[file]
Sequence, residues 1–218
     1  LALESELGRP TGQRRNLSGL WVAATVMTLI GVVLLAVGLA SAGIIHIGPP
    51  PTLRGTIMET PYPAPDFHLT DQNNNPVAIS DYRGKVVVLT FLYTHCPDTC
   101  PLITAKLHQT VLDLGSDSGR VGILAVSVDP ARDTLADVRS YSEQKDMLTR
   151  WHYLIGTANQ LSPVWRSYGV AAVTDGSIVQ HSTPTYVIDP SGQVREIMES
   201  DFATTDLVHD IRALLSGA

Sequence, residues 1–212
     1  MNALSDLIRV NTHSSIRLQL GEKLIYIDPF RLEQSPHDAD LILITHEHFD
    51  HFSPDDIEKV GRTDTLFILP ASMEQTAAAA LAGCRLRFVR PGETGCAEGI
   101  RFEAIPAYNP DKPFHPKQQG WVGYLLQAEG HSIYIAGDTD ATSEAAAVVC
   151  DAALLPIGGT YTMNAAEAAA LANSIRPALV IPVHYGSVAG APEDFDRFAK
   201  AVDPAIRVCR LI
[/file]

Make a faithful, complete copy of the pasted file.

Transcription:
Sequence, residues 1–218
     1  LALESELGRP TGQRRNLSGL WVAATVMTLI GVVLLAVGLA SAGIIHIGPP
    51  PTLRGTIMET PYPAPDFHLT DQNNNPVAIS DYRGKVVVLT FLYTHCPDTC
   101  PLITAKLHQT VLDLGSDSGR VGILAVSVDP ARDTLADVRS YSEQKDMLTR
   151  WHYLIGTANQ LSPVWRSYGV AAVTDGSIVQ HSTPTYVIDP SGQVREIMES
   201  DFATTDLVHD IRALLSGA

Sequence, residues 1–212
     1  MNALSDLIRV NTHSSIRLQL GEKLIYIDPF RLEQSPHDAD LILITHEHFD
    51  HFSPDDIEKV GRTDTLFILP ASMEQTAAAA LAGCRLRFVR PGETGCAEGI
   101  RFEAIPAYNP DKPFHPKQQG WVGYLLQAEG HSIYIAGDTD ATSEAAAVVC
   151  DAALLPIGGT YTMNAAEAAA LANSIRPALV IPVHYGSVAG APEDFDRFAK
   201  AVDPAIRVCR LI